A car’s performance and style are both important, but they pale in comparison to safety features. We rarely think about every small detail of our cars and yet each tiny gear has its purpose and can become a potential source of problems. Like lug nuts, for instance, that hold your wheels secured to the car at all times.
Lug nuts are often overlooked when car owners change wheels or do a routine check-up. And that’s a shame, there are many things that can go awry with badly installed lug nuts. Most of the troubles associated with them happen because not all car enthusiasts take them seriously and do enough research. In this guide, you will learn that there is much more to it than determining the correct size of wheel lug nuts.
What are lug nuts?
Wheel fasteners can be different, not all cars use lug nuts. BMW, for example, chose to use lug bolts instead. These two should not be confused, lug nuts are screwed on top of the threaded studs to ensure that the wheel stays on the axle. While lug bolts (or wheel bolts) are screwed into a threaded hole inside the wheel hub. They look like a stud with a lug nut welded to the top.
This design has its benefits for engineering, but also creates difficulties. Replacing lug bolts requires special tools and skills to align them properly and avoid damaging the thread or the hub itself. And changing wheels with lug nuts is much easier.
Lug nuts come in different types
There is a wide variety of lug nuts by their shape and purpose. It is best to check what type works with your wheels. Each of them has its own benefits, but there are also downsides to each type that you should consider before purchasing. So here is a brief rundown on the 8 types of wheel nuts you can find.
Conical Lug Nuts are often called acorn nuts because of their shape. This type is considered to be the easiest one to deal with. They are also rather common among many vehicles and differ only in size.
Spherical Lug Nuts look very similar to conical lug nuts, but their seats are round. Their alternative name is ball seat lug nuts. They can be found on Honda and some European cars like Audi and VW.
Flat Seat Lug Nuts are easier to spot, they don’t have a visible sit and just stay flush with the surface when tightened. This type can be tricky to install and center. They also get stuck more often than other types because of this large contact area with the surface.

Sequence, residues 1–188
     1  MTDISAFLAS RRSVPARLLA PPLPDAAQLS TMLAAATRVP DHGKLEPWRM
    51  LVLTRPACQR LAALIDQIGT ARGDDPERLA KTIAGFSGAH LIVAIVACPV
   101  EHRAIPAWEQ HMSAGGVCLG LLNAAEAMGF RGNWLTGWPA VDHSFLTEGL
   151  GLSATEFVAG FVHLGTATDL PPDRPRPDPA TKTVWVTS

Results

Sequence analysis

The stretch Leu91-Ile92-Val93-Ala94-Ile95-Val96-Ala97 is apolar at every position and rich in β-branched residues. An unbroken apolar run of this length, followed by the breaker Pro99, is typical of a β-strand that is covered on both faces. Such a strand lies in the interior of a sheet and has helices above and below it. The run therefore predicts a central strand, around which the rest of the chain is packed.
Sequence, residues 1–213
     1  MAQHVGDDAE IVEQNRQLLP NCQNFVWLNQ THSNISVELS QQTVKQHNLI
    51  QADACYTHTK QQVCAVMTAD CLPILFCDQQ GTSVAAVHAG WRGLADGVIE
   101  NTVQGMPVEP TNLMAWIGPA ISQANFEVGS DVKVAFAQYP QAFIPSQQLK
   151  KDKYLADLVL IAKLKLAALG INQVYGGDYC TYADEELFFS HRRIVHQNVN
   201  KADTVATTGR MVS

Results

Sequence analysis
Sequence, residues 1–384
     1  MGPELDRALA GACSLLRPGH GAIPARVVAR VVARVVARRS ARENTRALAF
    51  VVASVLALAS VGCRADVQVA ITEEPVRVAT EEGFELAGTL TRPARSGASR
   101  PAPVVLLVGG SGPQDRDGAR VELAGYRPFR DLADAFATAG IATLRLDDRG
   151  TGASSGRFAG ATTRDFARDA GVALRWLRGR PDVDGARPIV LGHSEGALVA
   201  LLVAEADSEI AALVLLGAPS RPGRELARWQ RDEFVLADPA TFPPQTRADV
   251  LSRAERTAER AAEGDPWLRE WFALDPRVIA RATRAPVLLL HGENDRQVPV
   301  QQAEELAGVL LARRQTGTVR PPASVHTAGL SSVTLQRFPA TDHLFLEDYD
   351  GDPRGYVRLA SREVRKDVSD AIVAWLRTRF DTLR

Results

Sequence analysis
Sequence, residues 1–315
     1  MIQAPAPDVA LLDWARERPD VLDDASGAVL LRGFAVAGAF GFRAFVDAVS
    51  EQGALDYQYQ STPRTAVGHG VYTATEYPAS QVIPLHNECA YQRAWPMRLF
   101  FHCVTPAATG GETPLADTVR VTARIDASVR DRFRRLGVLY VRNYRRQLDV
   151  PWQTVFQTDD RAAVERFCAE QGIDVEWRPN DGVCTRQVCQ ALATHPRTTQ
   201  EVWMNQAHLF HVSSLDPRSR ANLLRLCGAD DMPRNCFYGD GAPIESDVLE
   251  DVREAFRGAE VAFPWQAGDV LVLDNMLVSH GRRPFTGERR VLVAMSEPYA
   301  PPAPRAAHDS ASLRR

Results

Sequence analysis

Extended Thread Lug Nuts, as the name suggests, have more thread length that helps accommodate longer studs. Ordinary lug nuts will be unable to secure such studs due to a lack of thread length. So extended thread nuts are indispensable when you need more thread engagement to secure your wheels.
Mag Seat Lug Nuts have the most confusing name. Rumor has it, they are named after magnesium, a metal used for alloy wheels and lug nuts. This metal can significantly reduce weight while maintaining the same durability as aluminum.
Hex Lug Nuts are just as common. This type has a hexagonal head, hence the name. They do not require any special equipment to fasten. Together with conical nuts, they are more “user friendly” and forgiving.
Tuner Style Lug Nuts are not very common, but you can mostly find them on Asian cars. They are smaller than regular nuts and have a conical seat. To “tune” them, you will need a special tunning key that goes on top of the lug nut to make it possible to tighten it with other common tools. Their build makes them more likely to get stuck and rust away, so you can find them less and less on modern cars.
Spline Drive Lug Nuts are supposed to fix the tuner style problems. They are similar with one key difference. Tuner lug nuts have an opening on top and spline drive nuts have groves on the sides and on top that prevent moisture and dirt from getting inside and provoking oxidation.
Left-Hand Threaded Lug Nuts are your go-to option if you were lucky enough to be born into the rare 10% of the world population who are left-handed. The automotive industry has you covered. It might take some time to find the appropriate option but it is definitely worth it.
What are lug nuts made of?
The most common materials are forged aluminum and chrome-plated steel. They are easy to find and work just fine. However, for people who chase after top performance, there are more lightweight options like titanium and magnesium alloys out there. They are harder to come by and usually cost more.
Common issues with lug nuts
Almost all the problems stem from disregarding specifications. Aftermarket nuts are meant mostly for aftermarket wheels, and they require very meticulous attention to sizes to fit perfectly. So matching the lug nut size to studs is one such problem.
Another common issue is torque application. This specification can be found in the manuals and charts, yet it is hard to torque the nuts accordingly without good training and a torque wrench. Too little torque causes a bad connection. Too much will result in stripped threads and damaged holes.
And the third issue is corrosion. It can be caused by many factors, so buy reliable nuts made of durable materials. They usually come with special coatings, so never apply products on the lug nuts or studs. This will influence torque in a bad way and compromise the wheels.
Hopefully, these tips will help you make a good choice and avoid rookie lug nut mistakes. Drive safely!